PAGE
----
Stepped up battle on beetle to protect grain industry

War on Kahpra beetle: fumigate containers or be turned around

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Sea containers from at-risk countries to be fumigated

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It's a race against time to stop the entry of the grain-eating Khapra beetle into Australia with new fumigation rules for sea containers heading to grain areas of Australia.

It's a race against time to stop the entry of the grain-eating Khapra beetle into Australia with new fumigation rules for sea containers heading to grain areas of Australia.

The next big step in prevention of the entry of the Khapra beetle started this week with compulsory fumigating of shipping containers overseas heading to rural grain growing areas in Australia.

The rounded beetle that leaves hairy larvae shells represents a huge threat to the grain industry and is now prevalent in more than 30 countries Australia trades with including India, Pakistan, Greece and many Middle Eastern countries.

It is estimated 80 per cent of Australia's grain exports would be at risk if Khapra beetle established in Australia or even "if there was the perception that it had".

"Dried food exports, such as nuts and dried fruit would also be at risk. A widespread incursion could cost Australia $15.5 billion over 20 years," a spokesperson for the Department of Agriculture, Water and the Environment said.

Action on the ground started at all at-risk overseas ports on Monday with exporters required to fumigate Full Container Load/Full Container Consolidated (FCL/FCX) containers going to Australia.

Containers with plant material or that are destined to be opened in designated Australian grain areas will be fumigated with approved chemicals on site 21 days before export to Australia, to kill the beetles in crevices or cracks. If the containers arrive without certification of fumigation they will be turned around. Department approved treatment options include methyl bromide fumigation, heat treatment or insecticide spray.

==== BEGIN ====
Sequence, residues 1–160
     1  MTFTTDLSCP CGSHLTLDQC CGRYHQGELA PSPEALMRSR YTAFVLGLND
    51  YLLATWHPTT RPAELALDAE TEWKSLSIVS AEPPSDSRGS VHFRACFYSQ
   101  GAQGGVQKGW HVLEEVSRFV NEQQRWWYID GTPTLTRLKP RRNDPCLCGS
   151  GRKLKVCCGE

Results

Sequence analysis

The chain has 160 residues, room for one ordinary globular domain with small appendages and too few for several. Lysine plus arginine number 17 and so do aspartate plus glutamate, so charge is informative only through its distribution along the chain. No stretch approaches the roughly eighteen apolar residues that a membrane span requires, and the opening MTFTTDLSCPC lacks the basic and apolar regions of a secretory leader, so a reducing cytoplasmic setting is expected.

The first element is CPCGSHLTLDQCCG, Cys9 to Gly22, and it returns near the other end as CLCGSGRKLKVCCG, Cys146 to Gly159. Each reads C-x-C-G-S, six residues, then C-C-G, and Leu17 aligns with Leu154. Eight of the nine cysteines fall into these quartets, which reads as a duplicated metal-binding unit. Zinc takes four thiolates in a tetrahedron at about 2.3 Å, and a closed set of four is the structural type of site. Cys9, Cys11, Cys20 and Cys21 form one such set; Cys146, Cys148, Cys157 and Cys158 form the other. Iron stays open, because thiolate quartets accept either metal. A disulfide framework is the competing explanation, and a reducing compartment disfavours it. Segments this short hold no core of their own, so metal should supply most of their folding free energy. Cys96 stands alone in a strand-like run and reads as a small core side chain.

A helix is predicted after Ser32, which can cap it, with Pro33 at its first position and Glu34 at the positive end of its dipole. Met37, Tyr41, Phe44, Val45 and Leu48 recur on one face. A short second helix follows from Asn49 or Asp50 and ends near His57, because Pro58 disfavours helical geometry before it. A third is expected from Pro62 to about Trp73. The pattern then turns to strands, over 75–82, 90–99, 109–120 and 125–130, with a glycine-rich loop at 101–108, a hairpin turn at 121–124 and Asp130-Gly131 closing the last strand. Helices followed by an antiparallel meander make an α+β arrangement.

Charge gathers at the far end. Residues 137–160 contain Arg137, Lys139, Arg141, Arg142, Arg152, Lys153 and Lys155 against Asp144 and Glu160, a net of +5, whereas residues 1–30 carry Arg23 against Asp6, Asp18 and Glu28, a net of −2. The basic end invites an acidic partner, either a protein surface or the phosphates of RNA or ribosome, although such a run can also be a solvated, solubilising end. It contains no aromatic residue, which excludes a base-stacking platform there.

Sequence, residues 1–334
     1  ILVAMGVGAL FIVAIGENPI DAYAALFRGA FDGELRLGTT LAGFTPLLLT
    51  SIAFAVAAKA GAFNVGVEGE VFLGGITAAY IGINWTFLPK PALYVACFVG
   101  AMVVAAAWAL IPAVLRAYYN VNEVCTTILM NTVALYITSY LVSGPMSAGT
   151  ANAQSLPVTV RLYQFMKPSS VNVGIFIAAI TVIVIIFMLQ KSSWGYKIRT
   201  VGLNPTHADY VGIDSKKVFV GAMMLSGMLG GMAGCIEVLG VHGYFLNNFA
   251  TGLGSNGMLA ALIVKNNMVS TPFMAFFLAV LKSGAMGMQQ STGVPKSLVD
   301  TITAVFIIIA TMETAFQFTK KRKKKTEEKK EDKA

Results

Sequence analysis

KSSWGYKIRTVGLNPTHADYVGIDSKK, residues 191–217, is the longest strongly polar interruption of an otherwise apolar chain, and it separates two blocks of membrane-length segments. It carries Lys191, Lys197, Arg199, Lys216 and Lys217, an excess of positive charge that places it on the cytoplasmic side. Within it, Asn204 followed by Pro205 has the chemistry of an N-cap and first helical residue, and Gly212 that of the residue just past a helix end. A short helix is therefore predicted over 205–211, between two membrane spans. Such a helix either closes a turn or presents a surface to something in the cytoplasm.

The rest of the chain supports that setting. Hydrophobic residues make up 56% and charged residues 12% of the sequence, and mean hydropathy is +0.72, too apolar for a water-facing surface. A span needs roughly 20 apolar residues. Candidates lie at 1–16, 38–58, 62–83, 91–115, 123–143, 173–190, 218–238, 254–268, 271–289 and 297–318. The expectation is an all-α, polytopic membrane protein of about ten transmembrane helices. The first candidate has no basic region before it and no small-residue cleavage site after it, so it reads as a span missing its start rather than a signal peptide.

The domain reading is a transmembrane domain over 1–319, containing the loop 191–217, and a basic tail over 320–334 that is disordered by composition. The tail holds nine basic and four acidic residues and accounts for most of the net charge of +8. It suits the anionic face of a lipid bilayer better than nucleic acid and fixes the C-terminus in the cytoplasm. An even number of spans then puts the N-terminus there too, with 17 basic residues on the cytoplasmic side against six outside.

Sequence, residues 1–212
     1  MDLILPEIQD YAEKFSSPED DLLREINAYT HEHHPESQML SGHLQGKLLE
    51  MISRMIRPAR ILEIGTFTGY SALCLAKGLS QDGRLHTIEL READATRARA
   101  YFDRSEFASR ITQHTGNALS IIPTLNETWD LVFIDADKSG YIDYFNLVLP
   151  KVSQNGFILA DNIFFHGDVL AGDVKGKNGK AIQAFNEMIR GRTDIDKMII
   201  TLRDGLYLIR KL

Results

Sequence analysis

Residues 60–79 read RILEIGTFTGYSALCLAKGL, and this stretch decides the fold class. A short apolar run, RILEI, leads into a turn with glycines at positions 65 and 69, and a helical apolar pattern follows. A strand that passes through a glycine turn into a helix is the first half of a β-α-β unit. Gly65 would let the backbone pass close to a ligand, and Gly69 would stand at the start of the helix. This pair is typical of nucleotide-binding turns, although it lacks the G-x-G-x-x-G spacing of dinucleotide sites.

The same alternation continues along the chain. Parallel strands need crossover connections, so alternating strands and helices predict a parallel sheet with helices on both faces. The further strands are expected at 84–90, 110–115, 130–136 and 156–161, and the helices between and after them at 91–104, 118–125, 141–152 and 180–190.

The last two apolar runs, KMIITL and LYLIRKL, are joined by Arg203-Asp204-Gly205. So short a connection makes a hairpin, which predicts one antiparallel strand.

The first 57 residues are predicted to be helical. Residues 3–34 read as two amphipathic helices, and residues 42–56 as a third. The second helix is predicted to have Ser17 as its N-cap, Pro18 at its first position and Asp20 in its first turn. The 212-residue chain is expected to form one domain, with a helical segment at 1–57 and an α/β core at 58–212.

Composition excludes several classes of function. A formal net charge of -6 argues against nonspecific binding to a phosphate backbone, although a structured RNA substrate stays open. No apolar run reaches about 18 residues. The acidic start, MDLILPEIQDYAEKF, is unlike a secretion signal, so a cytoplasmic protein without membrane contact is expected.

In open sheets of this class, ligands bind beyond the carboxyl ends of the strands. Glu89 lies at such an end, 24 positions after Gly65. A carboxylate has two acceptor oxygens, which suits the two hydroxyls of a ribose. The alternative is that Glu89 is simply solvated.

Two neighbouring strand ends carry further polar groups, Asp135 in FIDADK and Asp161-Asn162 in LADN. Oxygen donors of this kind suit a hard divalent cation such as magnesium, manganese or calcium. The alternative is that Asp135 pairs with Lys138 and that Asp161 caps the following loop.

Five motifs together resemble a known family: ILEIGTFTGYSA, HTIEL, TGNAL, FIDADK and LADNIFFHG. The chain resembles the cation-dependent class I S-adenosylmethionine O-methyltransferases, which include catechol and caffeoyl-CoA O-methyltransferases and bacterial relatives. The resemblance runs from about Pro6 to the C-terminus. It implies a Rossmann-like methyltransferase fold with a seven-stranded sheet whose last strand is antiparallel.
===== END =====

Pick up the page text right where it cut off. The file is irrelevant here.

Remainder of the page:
There have been previous incursions of the beetle into Australia including inside refrigerators and baby chairs, sparking an urgent biosecurity response.

Meantime, industrial action on the waterfront has escalated with the Port Botany dispute beteen Patrick and the Maritime Union of Australia (MUA) dragging on and now breaking out at three other Patrick terminals in Australia. Patrick said that "As the COVID-19 situation begins to impact our country again, the union seems intent on causing disruption for Australia's exporters and importers ultimately impacting households across the country".

An ugly dispute bewteen the MUA and the major tug boat operataror Svitzer is also hurting exports and imports. At Port Botany shipping delays have reached close to seven days, and work bans has meant rural rail freight almost halted.

Shipping issues have also hit drought-hit South America where rivers have dried up so much that farmers can't get their corn and soy harvests to market on barges, especially in Brazil, Argentina and Paraguay - sending up world prices. Shipping delays caused after a container ship blocked the Suez Canal, are still being felt.

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